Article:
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Song Sparrows should be singing around our place – males marking their territories. The name is apt. While the basic song can be interpreted as "maids, maids, maids, put on your tea kettle-ettle-ettle," birds will sing up to 20 different melodies with many improvised variations, but the average male in his territory will sing 8-12 songs. Apparently, the more songs he has, the fitter he is as a mate. Males in nearby, established territories can recognize each other (low threat) and any aggressive intruders (high threat). Males on good terms will sing very similar songs, helping them fit into the neighbourhood, while aggressive males will sing contrasting songs. Birds in noisy urban areas will alter the pitch of their songs (generally fewer low tones) to make them stand out from the background.
These birds are everywhere, from the city to the suburbs to rural areas, absent only in deep forests. They are fairly easy to identify, with a light stripe over the eye and a small, dark patch on their breast, but not always easy to see. Their earth tone stripes match their environment well. They are ground feeders that like shrubby thickets and tall grasses, and can often be found on the margins of developed areas. Letting a corner of the schoolyard go unmowed will improve your chances of having Song Sparrows right at hand. They also nest on or near the ground, so cover is important.
The birds maintain their small (0.2 – 0.6 ha) territories even after mating and raising young, and remain quite vocal about it. Their alarm call is quite distinctive, and they will noisily track predators and other intruders. They don’t, however, like to be seen, and will often run along the ground rather than fly when you approach. But if you sit still, or move slowly and quietly, you will have a better chance of seeing them flit around and sing, particularly if they are in territorial mode. They are also cooperative, feeding in conjunction with their mate, a brood mate or offspring, and will maintain contact with companion calls (“jep”) and displays. Song Sparrows are scratch feeders, eating a wide range of invertebrates and seeds.
- Don’t put away the snow shovel yet. A big snowstorm is less unusual for April than one might think. Montreal, for example, averages 13 cm of snow for the month. Find out how much snow you generally get in April by clicking on the nearest city.
- Red Squirrels are giving birth, using dreys, nest boxes and tree cavities. Red Squirrel dreys are smaller than those of Gray Squirrels, and often made of grass, not leaves.
- The first bats will begin to fly on mild evenings. These are our hibernators (e.g. Big and Little Brown Bats ), not our migrators (e.g. Red and Hoary Bats). Females will soon move to nursery sites.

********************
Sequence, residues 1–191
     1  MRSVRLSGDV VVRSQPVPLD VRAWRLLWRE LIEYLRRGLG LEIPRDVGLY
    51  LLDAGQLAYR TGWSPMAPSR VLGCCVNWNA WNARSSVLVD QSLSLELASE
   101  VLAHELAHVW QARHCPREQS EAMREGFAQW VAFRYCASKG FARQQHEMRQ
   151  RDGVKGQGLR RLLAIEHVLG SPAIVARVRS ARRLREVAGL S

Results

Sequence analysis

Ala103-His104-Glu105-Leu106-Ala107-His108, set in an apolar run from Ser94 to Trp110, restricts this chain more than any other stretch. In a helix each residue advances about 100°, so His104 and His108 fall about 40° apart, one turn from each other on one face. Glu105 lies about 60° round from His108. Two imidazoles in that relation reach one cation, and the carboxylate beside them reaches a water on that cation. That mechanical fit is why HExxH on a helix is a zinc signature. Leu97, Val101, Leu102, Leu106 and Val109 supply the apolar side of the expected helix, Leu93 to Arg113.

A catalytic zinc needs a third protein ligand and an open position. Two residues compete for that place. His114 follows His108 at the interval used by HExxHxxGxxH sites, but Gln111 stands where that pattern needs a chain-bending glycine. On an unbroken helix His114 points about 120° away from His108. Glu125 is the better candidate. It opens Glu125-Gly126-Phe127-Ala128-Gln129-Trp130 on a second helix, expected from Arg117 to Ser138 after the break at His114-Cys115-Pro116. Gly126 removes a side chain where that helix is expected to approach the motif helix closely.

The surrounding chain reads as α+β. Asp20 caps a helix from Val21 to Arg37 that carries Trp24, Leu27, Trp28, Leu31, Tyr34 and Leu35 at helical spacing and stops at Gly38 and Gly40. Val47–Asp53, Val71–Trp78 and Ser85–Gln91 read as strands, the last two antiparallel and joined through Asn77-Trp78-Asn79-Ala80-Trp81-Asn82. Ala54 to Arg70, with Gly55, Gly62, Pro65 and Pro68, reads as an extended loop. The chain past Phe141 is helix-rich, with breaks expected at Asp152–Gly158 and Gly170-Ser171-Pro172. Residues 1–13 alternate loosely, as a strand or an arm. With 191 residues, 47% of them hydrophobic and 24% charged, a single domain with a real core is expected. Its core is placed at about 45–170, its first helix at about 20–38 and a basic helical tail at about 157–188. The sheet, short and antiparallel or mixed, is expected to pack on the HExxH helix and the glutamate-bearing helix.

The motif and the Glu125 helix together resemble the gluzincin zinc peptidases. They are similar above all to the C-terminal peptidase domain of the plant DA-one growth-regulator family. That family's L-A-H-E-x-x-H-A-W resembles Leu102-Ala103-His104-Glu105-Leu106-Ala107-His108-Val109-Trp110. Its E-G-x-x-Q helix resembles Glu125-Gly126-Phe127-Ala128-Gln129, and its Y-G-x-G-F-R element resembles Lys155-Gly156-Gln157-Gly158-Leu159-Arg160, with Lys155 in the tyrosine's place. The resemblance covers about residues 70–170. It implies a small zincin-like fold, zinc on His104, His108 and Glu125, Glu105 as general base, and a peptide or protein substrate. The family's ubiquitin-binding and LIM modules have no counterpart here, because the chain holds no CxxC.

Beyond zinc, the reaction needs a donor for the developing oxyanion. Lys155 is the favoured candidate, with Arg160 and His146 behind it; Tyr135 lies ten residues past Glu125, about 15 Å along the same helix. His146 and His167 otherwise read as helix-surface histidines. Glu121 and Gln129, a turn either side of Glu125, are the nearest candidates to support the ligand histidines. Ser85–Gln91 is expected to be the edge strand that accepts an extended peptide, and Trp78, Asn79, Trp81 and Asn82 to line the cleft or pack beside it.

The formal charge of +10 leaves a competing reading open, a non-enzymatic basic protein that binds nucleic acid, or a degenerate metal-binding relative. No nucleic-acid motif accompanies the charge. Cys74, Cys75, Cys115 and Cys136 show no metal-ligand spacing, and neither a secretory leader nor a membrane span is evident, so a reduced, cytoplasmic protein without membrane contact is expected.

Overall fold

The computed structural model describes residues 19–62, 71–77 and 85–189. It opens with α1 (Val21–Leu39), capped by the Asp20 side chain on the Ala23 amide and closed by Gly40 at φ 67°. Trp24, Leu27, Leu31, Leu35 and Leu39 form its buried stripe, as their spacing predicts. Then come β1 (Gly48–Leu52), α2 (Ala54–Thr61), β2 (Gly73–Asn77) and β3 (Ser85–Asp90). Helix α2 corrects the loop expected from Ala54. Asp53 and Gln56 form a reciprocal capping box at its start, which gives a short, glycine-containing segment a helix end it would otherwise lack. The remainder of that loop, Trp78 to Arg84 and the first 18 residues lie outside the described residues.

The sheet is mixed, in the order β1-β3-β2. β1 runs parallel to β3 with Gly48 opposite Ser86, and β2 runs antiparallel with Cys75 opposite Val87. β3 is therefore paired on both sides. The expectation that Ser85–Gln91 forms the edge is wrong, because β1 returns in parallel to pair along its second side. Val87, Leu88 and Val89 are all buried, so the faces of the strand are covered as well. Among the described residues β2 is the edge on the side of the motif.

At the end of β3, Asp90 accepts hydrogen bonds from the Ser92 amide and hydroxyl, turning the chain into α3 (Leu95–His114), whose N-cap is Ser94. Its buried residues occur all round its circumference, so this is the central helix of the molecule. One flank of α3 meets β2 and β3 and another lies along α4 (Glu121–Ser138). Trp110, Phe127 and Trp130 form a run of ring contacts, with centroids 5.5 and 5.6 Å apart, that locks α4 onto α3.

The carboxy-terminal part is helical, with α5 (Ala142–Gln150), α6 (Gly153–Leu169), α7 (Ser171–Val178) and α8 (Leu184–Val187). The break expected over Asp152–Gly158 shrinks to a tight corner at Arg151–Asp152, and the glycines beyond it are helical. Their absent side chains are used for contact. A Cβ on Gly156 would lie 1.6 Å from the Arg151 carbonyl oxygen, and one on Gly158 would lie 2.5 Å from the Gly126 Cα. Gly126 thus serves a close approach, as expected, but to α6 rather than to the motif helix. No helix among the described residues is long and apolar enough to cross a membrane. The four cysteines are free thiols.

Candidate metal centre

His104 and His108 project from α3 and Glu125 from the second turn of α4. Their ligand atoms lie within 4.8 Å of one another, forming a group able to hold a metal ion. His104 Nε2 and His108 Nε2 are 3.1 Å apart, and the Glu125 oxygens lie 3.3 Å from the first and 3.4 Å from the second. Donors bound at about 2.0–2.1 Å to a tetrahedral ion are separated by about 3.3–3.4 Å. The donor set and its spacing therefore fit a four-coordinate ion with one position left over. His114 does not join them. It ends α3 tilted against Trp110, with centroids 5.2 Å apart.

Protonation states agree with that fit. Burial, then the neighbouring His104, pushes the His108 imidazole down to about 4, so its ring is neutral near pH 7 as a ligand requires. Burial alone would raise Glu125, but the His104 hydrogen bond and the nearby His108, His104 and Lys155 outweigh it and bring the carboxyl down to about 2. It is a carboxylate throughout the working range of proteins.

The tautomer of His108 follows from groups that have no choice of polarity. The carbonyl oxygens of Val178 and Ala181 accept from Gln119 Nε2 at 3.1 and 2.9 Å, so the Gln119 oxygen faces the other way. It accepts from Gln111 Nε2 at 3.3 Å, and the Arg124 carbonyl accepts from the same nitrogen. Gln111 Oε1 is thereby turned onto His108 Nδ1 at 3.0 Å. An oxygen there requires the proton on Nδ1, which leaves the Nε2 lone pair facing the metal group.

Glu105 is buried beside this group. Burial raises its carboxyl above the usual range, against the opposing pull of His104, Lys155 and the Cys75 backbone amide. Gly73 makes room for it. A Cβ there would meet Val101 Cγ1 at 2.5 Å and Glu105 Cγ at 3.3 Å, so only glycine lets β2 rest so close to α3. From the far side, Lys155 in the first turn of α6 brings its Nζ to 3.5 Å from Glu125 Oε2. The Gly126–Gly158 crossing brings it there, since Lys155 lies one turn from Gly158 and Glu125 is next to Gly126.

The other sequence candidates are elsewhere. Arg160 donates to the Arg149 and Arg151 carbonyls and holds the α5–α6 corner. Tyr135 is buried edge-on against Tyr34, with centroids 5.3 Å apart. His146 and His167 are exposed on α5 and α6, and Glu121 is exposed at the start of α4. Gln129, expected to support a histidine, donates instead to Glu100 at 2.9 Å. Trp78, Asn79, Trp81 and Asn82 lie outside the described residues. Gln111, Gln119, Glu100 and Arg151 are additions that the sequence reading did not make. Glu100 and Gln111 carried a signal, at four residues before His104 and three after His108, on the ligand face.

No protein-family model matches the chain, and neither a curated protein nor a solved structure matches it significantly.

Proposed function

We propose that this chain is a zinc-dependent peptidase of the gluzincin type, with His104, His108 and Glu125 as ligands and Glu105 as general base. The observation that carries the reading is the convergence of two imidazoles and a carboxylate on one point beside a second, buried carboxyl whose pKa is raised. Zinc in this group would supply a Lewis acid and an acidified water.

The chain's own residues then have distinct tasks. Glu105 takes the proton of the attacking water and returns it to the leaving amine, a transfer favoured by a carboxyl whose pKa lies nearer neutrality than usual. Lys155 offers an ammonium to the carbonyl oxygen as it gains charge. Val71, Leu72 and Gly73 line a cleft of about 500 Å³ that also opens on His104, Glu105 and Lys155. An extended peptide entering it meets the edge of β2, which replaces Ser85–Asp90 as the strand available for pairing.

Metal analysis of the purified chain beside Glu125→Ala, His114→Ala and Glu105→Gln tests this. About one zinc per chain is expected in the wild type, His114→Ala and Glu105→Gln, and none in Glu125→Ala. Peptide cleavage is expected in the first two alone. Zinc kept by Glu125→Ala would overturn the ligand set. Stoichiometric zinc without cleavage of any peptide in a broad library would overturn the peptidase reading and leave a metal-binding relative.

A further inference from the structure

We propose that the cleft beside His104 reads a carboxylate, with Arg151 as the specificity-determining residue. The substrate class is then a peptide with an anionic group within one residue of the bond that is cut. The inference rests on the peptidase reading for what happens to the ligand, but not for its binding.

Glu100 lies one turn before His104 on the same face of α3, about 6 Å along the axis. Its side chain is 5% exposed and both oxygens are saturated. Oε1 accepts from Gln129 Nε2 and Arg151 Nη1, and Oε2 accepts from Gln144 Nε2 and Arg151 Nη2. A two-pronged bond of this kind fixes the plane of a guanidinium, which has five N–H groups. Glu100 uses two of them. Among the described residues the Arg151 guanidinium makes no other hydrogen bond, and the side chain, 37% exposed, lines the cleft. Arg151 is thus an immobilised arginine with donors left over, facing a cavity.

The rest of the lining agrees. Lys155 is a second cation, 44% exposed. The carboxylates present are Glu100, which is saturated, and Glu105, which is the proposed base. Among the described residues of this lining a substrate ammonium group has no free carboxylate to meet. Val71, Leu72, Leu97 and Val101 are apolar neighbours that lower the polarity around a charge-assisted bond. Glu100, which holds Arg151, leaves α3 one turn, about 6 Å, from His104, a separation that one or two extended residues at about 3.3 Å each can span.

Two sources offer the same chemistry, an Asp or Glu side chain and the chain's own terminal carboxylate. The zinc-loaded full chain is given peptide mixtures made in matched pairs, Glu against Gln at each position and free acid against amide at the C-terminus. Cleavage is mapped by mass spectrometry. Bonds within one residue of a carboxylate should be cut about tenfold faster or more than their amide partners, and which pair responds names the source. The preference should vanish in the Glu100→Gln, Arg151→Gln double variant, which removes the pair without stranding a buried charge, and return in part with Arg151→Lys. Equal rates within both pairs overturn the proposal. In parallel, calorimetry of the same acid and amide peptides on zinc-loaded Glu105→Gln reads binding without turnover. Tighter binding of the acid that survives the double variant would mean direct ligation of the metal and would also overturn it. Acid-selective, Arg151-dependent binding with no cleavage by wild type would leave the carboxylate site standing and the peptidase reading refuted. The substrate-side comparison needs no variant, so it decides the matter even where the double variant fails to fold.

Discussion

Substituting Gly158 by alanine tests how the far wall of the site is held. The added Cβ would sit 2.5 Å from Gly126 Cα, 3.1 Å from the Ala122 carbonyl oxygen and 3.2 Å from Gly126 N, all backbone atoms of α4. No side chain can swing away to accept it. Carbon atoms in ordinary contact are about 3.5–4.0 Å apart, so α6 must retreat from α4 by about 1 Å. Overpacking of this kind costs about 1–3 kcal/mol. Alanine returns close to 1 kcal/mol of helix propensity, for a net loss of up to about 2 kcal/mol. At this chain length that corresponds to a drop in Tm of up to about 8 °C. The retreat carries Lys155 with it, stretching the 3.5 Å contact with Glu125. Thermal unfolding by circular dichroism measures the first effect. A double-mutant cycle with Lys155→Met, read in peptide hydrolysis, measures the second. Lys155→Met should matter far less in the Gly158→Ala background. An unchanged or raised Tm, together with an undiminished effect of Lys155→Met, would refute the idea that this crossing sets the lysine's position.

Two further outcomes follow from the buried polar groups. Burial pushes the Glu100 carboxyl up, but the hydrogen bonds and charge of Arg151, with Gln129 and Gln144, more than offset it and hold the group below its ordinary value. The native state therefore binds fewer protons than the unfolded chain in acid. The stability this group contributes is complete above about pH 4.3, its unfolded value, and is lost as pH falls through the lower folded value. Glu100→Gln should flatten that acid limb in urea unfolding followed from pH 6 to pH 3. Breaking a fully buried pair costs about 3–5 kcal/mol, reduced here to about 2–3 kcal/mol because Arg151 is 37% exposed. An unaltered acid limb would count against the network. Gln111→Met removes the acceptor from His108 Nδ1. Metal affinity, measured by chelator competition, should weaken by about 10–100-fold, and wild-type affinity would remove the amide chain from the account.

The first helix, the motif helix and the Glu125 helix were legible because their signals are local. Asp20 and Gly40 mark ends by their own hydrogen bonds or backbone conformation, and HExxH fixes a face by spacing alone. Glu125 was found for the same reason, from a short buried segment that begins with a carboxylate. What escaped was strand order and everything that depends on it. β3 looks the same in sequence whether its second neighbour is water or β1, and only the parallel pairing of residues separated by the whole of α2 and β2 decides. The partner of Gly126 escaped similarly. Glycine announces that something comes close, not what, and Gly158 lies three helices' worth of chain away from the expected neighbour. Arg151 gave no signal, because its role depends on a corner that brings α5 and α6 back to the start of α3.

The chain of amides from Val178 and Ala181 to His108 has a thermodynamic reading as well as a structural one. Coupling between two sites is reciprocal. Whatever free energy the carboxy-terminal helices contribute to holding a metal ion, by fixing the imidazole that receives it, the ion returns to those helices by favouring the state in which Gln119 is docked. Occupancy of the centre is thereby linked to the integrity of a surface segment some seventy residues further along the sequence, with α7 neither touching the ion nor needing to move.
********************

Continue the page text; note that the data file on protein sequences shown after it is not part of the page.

- Yellow-bellied Sapsuckers are arriving, and they and other woodpecker males and females will be drumming to establish territory and attract mates. The ‘drum roll’ tat-tat-tating is just a little different for each species, and has nothing to do with finding food. Perhaps you will be lucky enough to hear one at 5:30 a.m., drumming on your aluminum downspout.
- Osprey, Common Grackles and American Robins may be already nesting. And you won’t hear those raucous Blue Jays, because they’re nesting, too, and don’t want to advertise their locations. An increasing number of Sandhill Cranes are also nesting in south-central Ontario, but some are on their way further north and will breed across much of Canada west of the Maritimes. 80% of the world’s Sandhill population can be found resting and refueling on Nebraska’s Platte River in early April before continuing north through Western Canada.
- Migrating Tree Swallows are probably, or soon will be, at their peak abundance, many destined for northern regions.
- Canada Geese should be laying their eggs. So check out wetland and water margins for the activities of these early spring nesters. At times, they will take over Osprey nests, and these may have to be screened until the Osprey arrive.
- Both yearling Beavers and Muskrats are forced from their natal homes and habitat, wandering broadly in search of new territory. This helps limit the density of these animals across the landscape, and fills in any areas (if any!) lacking in these enterprising, giant rodents. Watch out for them along roads near wetlands.
- Rainbow Trout, in their ‘Steelhead’ form, are moving out of the Great Lakes and into the shallow, rocky portions of streams in preparation for spawning. They will jump over low dams (the first one makes it at about 1:35) and up fish ladders. Local anglers should know the best spots for viewing. Well worth a short field trip.
- Walleye are spawning, either in fast-moving streams over gravel and rocks, or over rocky shoals in lakes, beginning when the water temperature reaches 70C. Spawning takes place mostly at night, and you can see the shine of the fishes’ eyes in the beam of a strong flashlight. Trout-perch spawn closer to shore in lakes, and White Suckers will spawn with Walleye in streams.
- Green shoots may be appearing, and buds are swelling. In addition to the catkins of late March, look for Red Maple and American Elm flowers (scroll down).
- Venus and Mercury will share the morning sky to the east and will be closest together on the morning of the 16th. They may be seen within a single binocular field.
- The best celestial event, however, may be the Lyrid meteor shower, which peaks before dawn on April 23rd, with some meteors visible from the 16th to the 25th. Up to 10-20 meteors can be seen per hour (up to 100 in uncommon surges). The meteors will fly out in all directions from a point above and to the right of Lyra in the northeast sky as the earth passes through cometary debris. If the weather’s bad, the night/morning before and after the 23rd should still hold significant meteors. Unfortunately, moonlight will dampen viewing.